Thnx to all for ideas...if anyone else wishes to add...please do...
 

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...real shame to discard --but prob is less expensive procedure from here..
Thnx to all for ideas...if anyone else wishes to add...please do...
If it was a GXV160 engine (commercial grade, cast iron sleeve, ball bearings, etc.) with only 2 hours of run time, I'd be more inclined to repair it. This engine, when properly maintained, can last decades in homeowner use.

However, the GCV160 isn't commercial grade and, even when properly maintained, won't last anywhere near as long in homeowner use as a GXV160. Therefore, IMO, as inexpensive as these engines are, it isn't worth the time, work, and parts to repair one. Again, just my :2cents:.
 

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If it was a GXV160 engine (commercial grade, cast iron sleeve, ball bearings, etc.) with only 2 hours of run time, I'd be more inclined to repair it. This engine, when properly maintained, can last decades in homeowner use.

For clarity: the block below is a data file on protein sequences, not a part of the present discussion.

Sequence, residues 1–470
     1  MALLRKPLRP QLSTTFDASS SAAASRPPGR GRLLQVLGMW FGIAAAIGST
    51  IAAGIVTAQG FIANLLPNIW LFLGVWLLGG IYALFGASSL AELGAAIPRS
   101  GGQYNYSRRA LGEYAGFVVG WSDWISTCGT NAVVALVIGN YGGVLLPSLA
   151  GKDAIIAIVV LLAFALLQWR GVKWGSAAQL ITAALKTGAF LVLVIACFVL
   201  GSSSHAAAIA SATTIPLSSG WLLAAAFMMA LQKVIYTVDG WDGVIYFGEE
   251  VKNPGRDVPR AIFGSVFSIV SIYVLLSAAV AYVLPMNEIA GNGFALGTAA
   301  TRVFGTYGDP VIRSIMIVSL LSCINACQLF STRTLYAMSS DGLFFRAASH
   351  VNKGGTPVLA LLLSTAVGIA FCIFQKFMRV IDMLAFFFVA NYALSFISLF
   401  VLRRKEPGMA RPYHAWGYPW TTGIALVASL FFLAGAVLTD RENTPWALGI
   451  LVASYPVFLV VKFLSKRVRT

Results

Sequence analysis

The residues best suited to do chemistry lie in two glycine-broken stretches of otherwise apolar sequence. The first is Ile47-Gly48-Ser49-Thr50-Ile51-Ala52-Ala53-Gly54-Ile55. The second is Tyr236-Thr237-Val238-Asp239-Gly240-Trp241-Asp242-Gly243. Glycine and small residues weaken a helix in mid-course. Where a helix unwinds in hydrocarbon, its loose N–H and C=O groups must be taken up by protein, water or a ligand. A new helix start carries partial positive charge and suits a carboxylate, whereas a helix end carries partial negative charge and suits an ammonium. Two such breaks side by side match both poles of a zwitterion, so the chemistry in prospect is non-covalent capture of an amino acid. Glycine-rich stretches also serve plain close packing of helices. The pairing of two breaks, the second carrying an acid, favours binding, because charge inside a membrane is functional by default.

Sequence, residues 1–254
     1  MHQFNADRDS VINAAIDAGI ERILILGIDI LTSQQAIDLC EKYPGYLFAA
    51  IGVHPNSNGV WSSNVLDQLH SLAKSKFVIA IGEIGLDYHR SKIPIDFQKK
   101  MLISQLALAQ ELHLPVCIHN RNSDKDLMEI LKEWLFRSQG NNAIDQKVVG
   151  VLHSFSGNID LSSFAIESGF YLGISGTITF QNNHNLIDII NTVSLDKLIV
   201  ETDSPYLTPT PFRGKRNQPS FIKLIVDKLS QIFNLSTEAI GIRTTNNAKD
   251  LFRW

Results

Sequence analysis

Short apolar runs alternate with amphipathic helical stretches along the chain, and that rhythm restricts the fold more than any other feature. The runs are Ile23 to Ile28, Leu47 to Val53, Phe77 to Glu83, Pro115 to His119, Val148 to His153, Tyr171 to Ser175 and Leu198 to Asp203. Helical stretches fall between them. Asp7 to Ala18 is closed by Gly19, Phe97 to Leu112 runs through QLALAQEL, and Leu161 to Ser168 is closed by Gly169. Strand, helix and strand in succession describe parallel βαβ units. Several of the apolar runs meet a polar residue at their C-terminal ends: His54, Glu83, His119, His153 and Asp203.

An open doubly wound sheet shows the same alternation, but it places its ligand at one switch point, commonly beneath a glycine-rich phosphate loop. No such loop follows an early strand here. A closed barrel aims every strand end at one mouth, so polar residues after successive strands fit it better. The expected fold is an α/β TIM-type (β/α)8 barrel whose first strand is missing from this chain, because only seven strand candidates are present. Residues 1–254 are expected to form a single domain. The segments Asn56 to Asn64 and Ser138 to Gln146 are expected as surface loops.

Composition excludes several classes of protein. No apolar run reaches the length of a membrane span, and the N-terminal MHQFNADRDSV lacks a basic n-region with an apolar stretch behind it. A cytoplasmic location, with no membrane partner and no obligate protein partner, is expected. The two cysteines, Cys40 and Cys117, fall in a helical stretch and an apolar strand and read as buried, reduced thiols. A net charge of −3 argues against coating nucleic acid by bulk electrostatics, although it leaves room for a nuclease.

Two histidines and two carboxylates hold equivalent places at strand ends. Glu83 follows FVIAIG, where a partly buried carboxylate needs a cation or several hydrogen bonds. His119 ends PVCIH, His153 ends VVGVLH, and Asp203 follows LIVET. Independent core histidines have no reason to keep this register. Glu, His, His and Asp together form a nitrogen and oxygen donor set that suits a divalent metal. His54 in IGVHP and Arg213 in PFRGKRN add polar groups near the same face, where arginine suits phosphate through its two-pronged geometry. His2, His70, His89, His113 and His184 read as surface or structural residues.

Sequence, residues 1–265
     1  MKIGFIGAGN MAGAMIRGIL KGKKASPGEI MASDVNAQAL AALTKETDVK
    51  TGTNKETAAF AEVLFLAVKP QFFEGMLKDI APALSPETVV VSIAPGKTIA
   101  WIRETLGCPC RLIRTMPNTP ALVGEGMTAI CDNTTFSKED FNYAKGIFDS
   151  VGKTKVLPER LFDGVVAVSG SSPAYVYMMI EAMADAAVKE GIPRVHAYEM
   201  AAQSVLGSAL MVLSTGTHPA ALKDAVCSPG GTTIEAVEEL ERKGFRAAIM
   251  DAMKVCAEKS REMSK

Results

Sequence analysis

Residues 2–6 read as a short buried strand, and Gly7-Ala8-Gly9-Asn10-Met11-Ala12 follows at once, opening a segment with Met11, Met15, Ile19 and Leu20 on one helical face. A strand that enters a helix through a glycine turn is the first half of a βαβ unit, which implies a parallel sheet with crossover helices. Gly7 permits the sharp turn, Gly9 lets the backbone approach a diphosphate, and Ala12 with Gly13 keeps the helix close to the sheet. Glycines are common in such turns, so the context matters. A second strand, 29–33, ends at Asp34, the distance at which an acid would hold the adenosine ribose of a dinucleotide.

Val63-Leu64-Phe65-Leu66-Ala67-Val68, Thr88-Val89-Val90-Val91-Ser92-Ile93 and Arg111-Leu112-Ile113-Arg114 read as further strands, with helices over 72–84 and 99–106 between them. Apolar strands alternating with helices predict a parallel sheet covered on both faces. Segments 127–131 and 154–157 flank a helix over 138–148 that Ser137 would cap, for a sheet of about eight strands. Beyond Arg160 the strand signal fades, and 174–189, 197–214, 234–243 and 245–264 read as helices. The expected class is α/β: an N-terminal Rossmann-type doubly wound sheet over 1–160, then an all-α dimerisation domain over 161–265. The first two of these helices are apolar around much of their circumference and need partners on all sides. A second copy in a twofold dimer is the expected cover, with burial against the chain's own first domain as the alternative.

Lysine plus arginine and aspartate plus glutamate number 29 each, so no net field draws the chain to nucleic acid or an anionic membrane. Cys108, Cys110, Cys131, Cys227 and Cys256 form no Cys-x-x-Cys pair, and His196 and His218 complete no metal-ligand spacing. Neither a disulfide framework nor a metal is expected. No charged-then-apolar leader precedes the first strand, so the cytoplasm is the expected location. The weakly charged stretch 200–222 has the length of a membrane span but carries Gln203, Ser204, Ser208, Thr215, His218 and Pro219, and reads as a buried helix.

However, the GCV160 isn't commercial grade and, even when properly maintained, won't last anywhere near as long in homeowner use as a GXV160. Therefore, IMO, as inexpensive as these engines are, it isn't worth the time, work, and parts to repair one. Again, just my :2cents:.
+1 tarheelman is spot-on with his comments.

If you want to tinker, either engine is easy to work on, and parts are plentiful. Just keep in mind your time is worth something, as well as frustration (or fun?) trying to find the real problem.

Generally speaking, most professional shops would opt to just replace the motor, as it would cost way more in labor/diagnostic time to try and troubleshoot and repair the old engine.
 

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:ditto:Honda GCs are decent motors, but for something like a bent crank and possible damage to other components, I'd just get a new one.